5 Tips for Creating the Perfect Yoga Playlist

Written by Angelica Olstad

As a musician and a DJ I am particularly mindful of the music played in a yoga class. If done well, music can be a vehicle for achieving an inspiring and uplifting class. Some of my best moments have been listening to an amazing song while going deeper into a pose I didn’t think possible. However, music can also be a distraction if not used carefully. Here are some tips to help create a perfect playlist for your yoga class:

1. Know the audience: Selecting music for a yoga class is very different than putting together a playlist for a Friday night mixer. Good music creates the mood for the class and helps set the intention for the practice. Think peaceful, introspective, and soulful. Most likely LMFAO’s “Party Rocker” wouldn’t be a great choice.

2. Match music to the sequences: A good DJ knows that playing songs in similar BPMs (beats per minute) helps create flow on the dance floor. Creating a set list that complements the class is a great way to motivate students to push themselves. This can either be in quality, rhythm, or tempo. Music for the beginning of the class should be slower, calm, and peaceful. As poses get more difficult use music that is more upbeat. For the cool down series play music that is relaxing and allows the class to slow down.

3. Practice to the playlist: The only way to know if your playlist works is if you practice with it. There’s nothing worse than when a teacher decides to change a song half way through. Practicing with your playlist is also a great way for knowing what to cue next.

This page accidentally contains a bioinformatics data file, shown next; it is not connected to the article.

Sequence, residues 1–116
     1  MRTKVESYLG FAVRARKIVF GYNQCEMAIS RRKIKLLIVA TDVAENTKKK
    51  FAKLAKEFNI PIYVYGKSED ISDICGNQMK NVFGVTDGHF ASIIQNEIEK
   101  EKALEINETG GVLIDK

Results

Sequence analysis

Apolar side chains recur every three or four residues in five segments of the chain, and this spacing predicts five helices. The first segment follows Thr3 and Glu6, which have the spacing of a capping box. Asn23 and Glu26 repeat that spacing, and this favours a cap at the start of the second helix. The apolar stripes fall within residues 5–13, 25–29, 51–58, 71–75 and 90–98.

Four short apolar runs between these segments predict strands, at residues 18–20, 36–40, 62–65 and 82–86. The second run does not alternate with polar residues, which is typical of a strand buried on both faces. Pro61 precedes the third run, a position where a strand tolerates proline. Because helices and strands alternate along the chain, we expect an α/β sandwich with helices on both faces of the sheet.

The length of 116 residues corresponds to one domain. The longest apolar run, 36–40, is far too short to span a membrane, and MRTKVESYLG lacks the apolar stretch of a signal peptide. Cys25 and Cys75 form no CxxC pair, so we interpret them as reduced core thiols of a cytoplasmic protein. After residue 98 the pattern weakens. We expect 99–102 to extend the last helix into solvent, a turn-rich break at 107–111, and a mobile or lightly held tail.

4. Get creative: Just because it’s a yoga class that doesn’t mean the entire playlist has to be typical “yoga music”. Mix it up with ambient electronic, indie, folk, pop, or even classical music. As long as the music has some sort of meaning and purpose it will most likely be a success.

5. Be aware of volume: Volume is very important. Music in the beginning of class should be softer and louder during flow series or peak poses. However, make sure that the music isn’t so loud that students miss important cues. If you find yourself shouting over the music you should gradually turn down the volume. Never make abrupt volume changes in the middle of a class. Also, playing music during an opening “Om” can be distracting. I personally like to hear music after a couple of moments of meditation and after starting the warm up series.

As a teacher I am always looking for new music to play in my classes. Below are some great tunes I’ve discovered or heard in other classes. Enjoy and have fun!

1) Air - La Femme D’argent

2) Verve - Jazz remixes

3) Garth Stevenson - Flying (75 minute concept album that is composed to mimic the arc of a yoga class, any of the songs from this album are great)

4) Prem Joshua - Mangalam

5) Gayngs - Gaudy Side of Town

6) Purity Ring - Lofticries

7) Jill Scott - Golden

8) Om Narayana - Wade Imre Morrisette

9) Carla Bruni - La Ciel Dans Une Chambre

10) Yo Yo Ma and Emmanuel Axe - Rachmaninoff’s Cello Sonata Op. 19-3

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